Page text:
Joint Committee on the Draft Mental Incapacity Bill Minutes of Evidence


21.Supplementary memorandum from Dr P J Howard (MIB 1204)

RESPONSES TO QUESTIONS 4 TO 8. DR P J HOWARD MA MD FRCP

4.   Do the provisions contained within the Draft Bill enable people to be sure that their beliefs with regard to treatment will be respected if they lose capacity?

  Advance Directives, as statements of the patient's wishes and background beliefs can be very useful in deciding a patient's treatment in the event of incapacity. However, it has long been held that positive statements regarding treatment made by patients in advance of their becoming incapacitated cannot bind a doctor to act against his/her clinical judgement. Nevertheless, there is no provision for indicative positive advance statements in the Bill. It is clear therefore that the Bill will effectively limit patient treatment options.

  Patients will often make decisions regarding actual and specific treatment options over a period of time and may change their minds during the course of their deliberations. Patients will usually wish to consult friends and family and increasingly have recourse to the Internet for additional information. A doctor may be held negligent not only for failures in diagnosis and treatment but also with regards to the advice he gives to patients in obtaining valid and informed consent. The standards for obtaining valid consent in a contemporaneous setting are justifiably stringent. However far less stringent criteria would apply to advance refusals of treatment. In practice, advance statements will apply to the refusal of hypothetical treatment in the future rather than the acceptance of actual treatments in a contemporaneous setting. Patients will not usually have the opportunity to discuss treatment options with the doctor who will actually be responsible for patient care. This will mean that it will be difficult, if not impossible, for the responsible doctor to be sure of the patient's wishes. Moreover, there may be a considerable lapse of time between the refusal and its application during which there may have been advances in treatment about which the patient may be ignorant. Those of us who have dealt with Jehovah's Witnesses who have refused blood transfusion, with potentially dire consequences, will appreciate the anxieties that such refusals evoke in practice. The refusal of Jehovah's witnesses for blood products is well established and part of a well-recognised belief system. It is difficult to see how such a high level of certainty regarding an advance refusal could be made in any other context, particularly with regards to patients who are previously unknown to the doctor responsible for their care and where the patient's views and wishes cannot be known with the same degree of certainty. Advance Refusals ought not to be made legally binding on doctors.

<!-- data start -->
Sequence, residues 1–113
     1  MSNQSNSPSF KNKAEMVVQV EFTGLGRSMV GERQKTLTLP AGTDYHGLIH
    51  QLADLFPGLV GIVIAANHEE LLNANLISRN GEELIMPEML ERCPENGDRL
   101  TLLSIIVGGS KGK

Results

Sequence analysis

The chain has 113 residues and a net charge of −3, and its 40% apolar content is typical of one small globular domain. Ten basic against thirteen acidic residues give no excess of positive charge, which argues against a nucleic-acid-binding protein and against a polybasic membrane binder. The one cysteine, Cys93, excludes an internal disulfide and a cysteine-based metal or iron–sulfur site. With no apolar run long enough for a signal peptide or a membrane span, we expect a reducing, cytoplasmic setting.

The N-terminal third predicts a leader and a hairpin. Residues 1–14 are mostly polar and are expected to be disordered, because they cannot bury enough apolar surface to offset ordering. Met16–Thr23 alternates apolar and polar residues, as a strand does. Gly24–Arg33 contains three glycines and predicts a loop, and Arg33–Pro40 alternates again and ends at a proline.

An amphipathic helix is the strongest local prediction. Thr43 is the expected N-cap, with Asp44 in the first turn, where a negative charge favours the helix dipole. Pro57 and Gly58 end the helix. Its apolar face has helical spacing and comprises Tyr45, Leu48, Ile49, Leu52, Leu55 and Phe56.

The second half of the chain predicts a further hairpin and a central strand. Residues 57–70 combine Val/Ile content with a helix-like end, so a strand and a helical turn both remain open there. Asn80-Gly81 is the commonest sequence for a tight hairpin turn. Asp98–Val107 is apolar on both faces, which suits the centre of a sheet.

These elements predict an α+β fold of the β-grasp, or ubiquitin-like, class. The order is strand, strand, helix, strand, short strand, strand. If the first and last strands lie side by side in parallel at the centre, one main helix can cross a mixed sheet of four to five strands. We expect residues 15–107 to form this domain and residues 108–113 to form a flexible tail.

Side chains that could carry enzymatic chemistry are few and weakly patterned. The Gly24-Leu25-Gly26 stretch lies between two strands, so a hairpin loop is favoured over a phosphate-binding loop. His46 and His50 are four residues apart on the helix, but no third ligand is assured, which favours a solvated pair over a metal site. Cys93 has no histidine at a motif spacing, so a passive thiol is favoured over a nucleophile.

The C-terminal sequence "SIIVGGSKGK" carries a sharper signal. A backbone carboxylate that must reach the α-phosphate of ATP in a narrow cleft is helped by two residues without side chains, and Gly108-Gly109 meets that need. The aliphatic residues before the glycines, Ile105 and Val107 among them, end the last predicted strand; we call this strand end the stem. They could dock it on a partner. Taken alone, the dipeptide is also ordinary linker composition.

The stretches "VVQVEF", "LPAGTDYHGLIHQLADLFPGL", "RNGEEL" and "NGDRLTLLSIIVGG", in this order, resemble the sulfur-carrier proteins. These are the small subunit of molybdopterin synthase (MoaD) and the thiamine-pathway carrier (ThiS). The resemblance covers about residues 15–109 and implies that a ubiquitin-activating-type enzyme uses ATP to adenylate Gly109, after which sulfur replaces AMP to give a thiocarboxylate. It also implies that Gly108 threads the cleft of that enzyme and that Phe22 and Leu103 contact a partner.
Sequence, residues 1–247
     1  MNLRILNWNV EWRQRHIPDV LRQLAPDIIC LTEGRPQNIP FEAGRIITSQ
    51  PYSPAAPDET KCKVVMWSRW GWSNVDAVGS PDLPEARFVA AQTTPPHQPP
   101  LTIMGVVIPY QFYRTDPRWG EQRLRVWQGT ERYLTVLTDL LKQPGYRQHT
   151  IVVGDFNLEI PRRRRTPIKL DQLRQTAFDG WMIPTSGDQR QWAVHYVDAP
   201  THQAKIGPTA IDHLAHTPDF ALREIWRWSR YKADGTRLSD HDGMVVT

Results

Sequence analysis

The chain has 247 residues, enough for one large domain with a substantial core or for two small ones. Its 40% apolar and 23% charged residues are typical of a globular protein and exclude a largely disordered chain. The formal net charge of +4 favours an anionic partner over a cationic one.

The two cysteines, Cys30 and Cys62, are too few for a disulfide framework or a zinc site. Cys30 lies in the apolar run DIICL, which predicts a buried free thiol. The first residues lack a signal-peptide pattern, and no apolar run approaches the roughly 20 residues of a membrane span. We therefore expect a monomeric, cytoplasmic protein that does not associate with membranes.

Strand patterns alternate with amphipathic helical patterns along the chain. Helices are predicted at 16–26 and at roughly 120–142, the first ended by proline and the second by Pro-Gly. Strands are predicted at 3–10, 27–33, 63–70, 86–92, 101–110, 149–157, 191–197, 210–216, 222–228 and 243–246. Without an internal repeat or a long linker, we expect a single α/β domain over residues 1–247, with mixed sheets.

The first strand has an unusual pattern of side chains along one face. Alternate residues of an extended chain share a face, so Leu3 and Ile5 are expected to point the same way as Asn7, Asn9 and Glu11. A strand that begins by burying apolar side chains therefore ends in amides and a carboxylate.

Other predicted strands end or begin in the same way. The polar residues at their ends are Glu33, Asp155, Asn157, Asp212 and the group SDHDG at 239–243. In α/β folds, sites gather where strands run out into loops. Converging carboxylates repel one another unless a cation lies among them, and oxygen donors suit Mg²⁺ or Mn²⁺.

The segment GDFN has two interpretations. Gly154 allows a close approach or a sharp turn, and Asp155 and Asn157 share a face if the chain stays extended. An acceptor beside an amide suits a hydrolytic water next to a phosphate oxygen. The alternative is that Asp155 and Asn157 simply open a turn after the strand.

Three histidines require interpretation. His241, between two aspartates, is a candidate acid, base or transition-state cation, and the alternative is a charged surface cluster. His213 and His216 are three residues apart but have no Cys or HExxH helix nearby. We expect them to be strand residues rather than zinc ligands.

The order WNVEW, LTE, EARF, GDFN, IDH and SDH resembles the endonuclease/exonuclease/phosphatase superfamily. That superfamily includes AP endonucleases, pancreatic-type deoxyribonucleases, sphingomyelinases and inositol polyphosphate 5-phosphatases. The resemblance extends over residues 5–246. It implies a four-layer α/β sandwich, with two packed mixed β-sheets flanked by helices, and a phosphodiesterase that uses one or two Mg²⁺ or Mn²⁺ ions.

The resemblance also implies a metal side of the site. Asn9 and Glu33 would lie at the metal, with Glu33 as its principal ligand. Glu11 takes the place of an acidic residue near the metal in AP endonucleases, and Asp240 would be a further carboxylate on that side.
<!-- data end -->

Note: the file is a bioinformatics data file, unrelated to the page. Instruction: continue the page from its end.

5.   Should the Draft Bill specify that a person acting on behalf of a person with incapacity should have regard to their values as well as their wishes and feelings when deciding what is in their best interests?